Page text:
The University is celebrating its 50th Anniversary in 2014 and will commemorate the date by co-hosting with the World Agroforestry Centre an event in December that tackles head-on the challenges facing land use in the region, demonstrating to the Government of Thailand and development agencies that there are practical, low-technology solutions available through deployment of agroforestry systems and associated methodologies.

‘Chiang Mai University is keen on strengthening its role as the centre of education and research for the upper ASEAN region’, said Dr Wangpakapattanawong, ‘with a focus on research in neighbouring countries, particularly through mobilizing support from graduate students and researchers in universities in ASEAN countries and beyond. We see that a special event is needed to focus attention on the problems and the solutions we can offer’.

The World Agroforestry Centre will further support the University through its network of offices in the region and through collaboration with the new Highland Agriculture Department at the Faculty of Agriculture.

 

Knowledge Support Centre for the Greater Mekong Sub-region

KSC themes table

Research conducted through the Knowledge Support Centre

  1. Nutrition-sensitive agriculture solutions amongst ethnic minorities living in remote upland areas of Thailand. With Research Institute of Health Sciences, Chiang Mai University. Funded by International Development Research Centre, Canada. Mar 2013–Feb 2016.
  2. Development and evaluation of a behaviour-change communication strategy to improve child nutrition in villages in northern Thailand: participation and insights of local communities. With School of Population Health/Public Health, University of Adelaide, Australia. Aug 2013–Sep 2015.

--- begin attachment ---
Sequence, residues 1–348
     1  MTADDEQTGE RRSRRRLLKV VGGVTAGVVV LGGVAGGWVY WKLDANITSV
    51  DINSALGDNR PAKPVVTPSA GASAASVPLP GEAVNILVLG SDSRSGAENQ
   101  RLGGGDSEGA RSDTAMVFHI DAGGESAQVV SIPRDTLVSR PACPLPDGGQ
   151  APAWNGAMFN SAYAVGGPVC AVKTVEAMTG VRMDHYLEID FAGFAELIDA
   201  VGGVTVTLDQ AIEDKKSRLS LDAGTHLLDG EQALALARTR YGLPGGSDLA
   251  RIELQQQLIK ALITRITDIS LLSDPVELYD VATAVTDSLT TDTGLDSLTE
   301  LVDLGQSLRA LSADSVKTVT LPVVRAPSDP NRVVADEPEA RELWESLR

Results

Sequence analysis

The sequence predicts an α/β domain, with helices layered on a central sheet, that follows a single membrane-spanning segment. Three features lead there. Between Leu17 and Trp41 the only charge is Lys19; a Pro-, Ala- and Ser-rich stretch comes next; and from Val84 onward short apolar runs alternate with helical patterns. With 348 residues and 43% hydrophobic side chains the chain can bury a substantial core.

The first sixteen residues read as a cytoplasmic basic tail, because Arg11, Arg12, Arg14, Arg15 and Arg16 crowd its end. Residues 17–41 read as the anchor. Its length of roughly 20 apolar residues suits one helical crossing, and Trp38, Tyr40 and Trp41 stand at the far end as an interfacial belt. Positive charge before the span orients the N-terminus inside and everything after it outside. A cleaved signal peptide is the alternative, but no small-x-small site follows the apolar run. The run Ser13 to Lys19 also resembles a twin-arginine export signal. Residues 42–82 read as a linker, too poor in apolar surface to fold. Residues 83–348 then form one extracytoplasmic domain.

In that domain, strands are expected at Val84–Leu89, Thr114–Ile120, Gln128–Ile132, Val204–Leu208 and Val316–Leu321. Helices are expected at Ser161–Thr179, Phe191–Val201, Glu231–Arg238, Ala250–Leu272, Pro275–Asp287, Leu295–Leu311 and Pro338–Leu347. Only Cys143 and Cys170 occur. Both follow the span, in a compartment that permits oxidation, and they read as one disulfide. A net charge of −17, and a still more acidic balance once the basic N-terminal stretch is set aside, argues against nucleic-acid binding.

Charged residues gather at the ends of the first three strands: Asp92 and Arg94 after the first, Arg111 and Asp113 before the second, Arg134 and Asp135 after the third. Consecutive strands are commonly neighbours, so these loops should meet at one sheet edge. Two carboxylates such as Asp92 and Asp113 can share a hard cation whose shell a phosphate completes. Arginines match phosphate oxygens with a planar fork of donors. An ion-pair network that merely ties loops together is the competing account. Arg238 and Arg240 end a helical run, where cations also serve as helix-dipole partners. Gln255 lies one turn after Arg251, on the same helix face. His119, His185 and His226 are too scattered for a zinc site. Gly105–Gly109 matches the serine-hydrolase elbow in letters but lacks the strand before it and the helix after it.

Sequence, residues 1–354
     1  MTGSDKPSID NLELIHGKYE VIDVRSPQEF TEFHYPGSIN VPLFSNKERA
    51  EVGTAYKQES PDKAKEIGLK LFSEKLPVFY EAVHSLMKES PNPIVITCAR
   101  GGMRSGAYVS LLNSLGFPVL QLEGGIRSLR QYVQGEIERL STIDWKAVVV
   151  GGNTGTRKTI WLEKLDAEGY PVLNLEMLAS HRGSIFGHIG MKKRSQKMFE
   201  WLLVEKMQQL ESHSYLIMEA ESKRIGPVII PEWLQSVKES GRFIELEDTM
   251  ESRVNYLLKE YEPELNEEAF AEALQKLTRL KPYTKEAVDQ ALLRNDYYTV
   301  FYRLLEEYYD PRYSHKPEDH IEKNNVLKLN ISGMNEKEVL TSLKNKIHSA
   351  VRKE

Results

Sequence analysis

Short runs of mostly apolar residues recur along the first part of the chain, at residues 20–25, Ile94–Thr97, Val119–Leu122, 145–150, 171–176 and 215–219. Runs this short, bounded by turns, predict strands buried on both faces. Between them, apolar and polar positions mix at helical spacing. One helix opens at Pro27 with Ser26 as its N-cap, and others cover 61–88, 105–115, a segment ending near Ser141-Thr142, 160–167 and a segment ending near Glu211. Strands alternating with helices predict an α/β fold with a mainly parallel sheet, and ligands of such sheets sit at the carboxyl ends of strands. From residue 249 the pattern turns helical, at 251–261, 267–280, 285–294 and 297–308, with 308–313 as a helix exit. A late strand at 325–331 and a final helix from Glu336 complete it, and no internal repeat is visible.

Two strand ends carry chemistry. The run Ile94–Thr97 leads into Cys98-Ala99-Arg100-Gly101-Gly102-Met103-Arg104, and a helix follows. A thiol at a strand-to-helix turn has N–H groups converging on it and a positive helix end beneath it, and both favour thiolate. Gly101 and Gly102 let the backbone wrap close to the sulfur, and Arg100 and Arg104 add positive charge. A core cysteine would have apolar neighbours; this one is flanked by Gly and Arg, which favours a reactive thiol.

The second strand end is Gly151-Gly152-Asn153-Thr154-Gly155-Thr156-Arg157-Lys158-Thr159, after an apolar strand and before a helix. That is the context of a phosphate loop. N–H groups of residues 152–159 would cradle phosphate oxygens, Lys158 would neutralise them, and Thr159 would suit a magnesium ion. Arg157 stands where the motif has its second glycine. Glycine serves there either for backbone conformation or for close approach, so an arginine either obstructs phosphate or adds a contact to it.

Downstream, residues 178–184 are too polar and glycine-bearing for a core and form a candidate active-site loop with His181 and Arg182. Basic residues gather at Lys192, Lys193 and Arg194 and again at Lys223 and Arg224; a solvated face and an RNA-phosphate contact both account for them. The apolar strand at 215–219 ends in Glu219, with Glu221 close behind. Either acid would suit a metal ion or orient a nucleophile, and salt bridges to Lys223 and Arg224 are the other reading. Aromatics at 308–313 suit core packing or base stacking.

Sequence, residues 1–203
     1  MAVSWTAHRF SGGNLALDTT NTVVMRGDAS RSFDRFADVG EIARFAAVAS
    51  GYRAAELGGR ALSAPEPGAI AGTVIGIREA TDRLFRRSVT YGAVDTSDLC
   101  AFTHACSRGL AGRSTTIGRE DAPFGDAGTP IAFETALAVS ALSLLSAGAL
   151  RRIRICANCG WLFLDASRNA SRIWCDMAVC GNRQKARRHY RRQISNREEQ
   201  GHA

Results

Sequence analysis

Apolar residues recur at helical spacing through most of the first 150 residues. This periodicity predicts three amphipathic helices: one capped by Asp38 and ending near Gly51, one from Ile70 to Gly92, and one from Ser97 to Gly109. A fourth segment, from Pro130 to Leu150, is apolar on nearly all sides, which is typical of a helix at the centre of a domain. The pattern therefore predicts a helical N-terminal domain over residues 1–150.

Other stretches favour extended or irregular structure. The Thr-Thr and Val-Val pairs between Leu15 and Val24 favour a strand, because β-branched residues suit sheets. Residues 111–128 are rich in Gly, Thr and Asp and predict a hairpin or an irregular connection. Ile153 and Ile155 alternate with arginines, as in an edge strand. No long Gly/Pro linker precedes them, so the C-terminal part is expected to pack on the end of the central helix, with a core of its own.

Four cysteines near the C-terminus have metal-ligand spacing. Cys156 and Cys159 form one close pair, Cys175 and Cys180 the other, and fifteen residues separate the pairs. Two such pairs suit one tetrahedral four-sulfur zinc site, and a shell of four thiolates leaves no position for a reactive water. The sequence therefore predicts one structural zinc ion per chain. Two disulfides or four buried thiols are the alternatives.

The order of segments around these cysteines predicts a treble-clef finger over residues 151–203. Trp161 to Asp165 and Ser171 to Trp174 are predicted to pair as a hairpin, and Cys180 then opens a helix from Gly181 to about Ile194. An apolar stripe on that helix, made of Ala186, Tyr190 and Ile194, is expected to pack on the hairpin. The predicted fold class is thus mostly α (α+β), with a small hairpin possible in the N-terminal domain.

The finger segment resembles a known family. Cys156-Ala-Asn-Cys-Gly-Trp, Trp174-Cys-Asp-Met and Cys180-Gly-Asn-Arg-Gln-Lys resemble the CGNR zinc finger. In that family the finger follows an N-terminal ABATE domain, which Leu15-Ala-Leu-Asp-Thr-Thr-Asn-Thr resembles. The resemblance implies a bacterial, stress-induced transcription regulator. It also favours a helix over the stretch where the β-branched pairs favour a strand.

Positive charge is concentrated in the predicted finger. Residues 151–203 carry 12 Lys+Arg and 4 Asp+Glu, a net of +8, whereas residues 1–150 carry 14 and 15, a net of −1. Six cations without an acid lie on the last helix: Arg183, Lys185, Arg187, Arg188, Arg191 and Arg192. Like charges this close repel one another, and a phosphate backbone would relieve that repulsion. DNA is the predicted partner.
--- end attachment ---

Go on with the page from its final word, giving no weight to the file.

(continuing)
3. Assessing ecological knowledge on swidden cultivation about biodiversity and carbon sequestration in relation to forest restoration. With the Biology Department, Chiang Mai University. Funded by Thailand Research Fund. Jun 2010–June 2014.
  4. Rubber-area assessment with object-based classification of Landsat-5 TM data. With Geoinformatics and Space Technology Center (Northern Region), Faculty of Social Sciences, Chiang Mai University. Nov 2012–Dec 2013.
  5. Estimation of emission factors of pollutants from biomass burning in forest area, Northern Thailand. With Faculty of Science, Chiang Mai University. Aug–Dec 2013.
  6. Forest Restoration Research Unit. 2013. Trees, skills and knowledge for facilitating forest restoration and agroforestry in Northern Thailand. Nov 2012–Jun 2013. Chiang Mai, Thailand: Forest Restoration Research Unit, Faculty of Science, Chiang Mai University; World Agroforestry Centre Thailand.
  7. Dynamics of land tenure and property rights under state forest conservation and agricultural commercialization in Mae Ram Sub-Watershed of Chiang Mai Province, Northern Thailand. With Faculty of Social Sciences, Chiang Mai University. Oct 2012–Feb 2013.